(distance between the median margins of nares); IOD, Interorbital Distance; ED, Eye Diameter (greatest length of
orbit from anterior margin to posterior margin of eye).
Bioacoustics. Call recordings of the new species were obtained from a vouchered specimen at the Nouragues
biological station (AF1283/MNHN 2014.0109), and from an uncollected specimen at Camp Patawa, Kaw
Mountains, French Guiana; recorded using SONY PCM-M10 and a microphone SENNHEISER ME66 on 15
March 2014 at night (21:20; ~24°C). Unfortunately the quality of the vouchered recording was too low to be
properly analysed. Therefore, we used the unvouchered call, which is unambiguously attributed to a specimen of
the new species because of its characteristic leg colouration (see below). In addition, both recordings display
similar temporal and spectral structures. This recording (four calls analyzed) was compared with a recording of H.
aff. semilineatus 1 (four calls analyzed) from an uncollected specimen from Camp Arataï, Nouragues biological
station, French Guiana, which was recorded using a tape recorder SONY WM-D6C (tape: UX-Pro90) and a
microphone SENNHEISER MKH60 on 21 January 1996 at night (20:32; ~23°C). This individual was
unambiguously identified in the field because of its colouration. Two other recordings of H. aff. semilineatus 1
were obtained from vouchered specimens at the Nouragues biological station and at Chutes Voltaire (AF1288/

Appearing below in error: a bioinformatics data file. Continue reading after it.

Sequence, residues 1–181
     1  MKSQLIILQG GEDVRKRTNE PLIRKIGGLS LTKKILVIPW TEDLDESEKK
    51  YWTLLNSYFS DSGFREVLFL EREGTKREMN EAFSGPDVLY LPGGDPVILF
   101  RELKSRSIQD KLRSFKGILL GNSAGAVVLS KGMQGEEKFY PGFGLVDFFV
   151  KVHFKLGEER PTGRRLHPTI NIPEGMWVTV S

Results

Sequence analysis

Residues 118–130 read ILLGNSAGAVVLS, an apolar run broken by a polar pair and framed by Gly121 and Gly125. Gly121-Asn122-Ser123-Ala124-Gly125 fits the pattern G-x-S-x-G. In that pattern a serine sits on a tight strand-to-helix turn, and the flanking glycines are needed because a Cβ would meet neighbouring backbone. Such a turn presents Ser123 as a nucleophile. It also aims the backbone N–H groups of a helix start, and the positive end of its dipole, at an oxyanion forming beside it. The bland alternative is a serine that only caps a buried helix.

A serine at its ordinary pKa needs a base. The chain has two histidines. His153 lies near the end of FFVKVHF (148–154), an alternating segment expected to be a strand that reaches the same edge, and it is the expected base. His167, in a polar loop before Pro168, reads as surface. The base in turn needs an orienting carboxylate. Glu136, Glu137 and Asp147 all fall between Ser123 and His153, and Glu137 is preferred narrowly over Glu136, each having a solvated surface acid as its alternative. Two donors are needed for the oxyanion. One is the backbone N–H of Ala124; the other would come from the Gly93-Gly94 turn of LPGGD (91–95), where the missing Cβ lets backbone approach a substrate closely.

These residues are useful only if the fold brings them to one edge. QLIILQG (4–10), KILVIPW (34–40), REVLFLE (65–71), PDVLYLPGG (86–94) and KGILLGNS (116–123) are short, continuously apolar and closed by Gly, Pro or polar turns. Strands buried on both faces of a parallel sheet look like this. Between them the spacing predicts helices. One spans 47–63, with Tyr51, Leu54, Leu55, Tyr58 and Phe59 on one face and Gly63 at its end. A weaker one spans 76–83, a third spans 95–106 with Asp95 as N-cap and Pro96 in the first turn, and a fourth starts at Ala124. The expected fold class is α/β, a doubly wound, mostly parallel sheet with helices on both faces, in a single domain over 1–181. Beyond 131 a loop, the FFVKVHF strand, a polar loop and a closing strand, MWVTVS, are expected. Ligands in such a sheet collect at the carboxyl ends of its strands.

R145, and AF1755/MNHN 2014.0119, respectively). These two recordings display similar temporal and spectral
structures, but their quality was too low to be properly analysed. Despite the absence of voucher specimens for the
calls we analysed, we consider that these recordings can be unambiguously attributed to each species. Calls were
also compared to the call of H. geographicus from Bolivia available from Márquez et al. (2002).
Calls were analysed at a sampling rate of 44.1 kHz using Audacity (http://audacity.sourceforge.net/). We
measured call duration (beginning of the first to the end of the last note of a call); number of notes per call (a call is
here defined as a series of notes emitted in groups between longer silent intervals); note duration (beginning of the
note to the end of the note); pulses per second (mean number of pulses/second calculated in 3 notes); internote
silent interval (end of one note to beginning of the next); intercall silent interval (end of one call to the beginning of
the next; as summarized in Kok & Kalamandeen 2008). Peak of the dominant frequency of the note was measured
from a spectral slice taken through each entire call (using the Blackman window function at a 3 dB filter bandwidth
of 120 Hz). Call characteristics of the new species compared to those of H. aff. semilineatus 1 and H. geographicus
are illustrated as spectrograms using the R package SEEWAVE (Sueur et al. 2008).
Results
Phylogenetic analysis. Hypsiboas boans is recovered as the sister species of a clade formed by all the other
representatives of the H. semilineatus group included in this study (i.e. nine main lineages). These lineages display
poorly supported relationships among them (Fig. 2, one of them corresponds to the new species described herein).
Hypsiboas geographicus sensu stricto includes samples from southwestern and central Amazonia: Tefé (Amazonas,
Brazil), Bolivia, Serra do Divisor (Acre, Brazil) and Rio Purus (Amazonas, Brazil); and H. cf. geographicus 1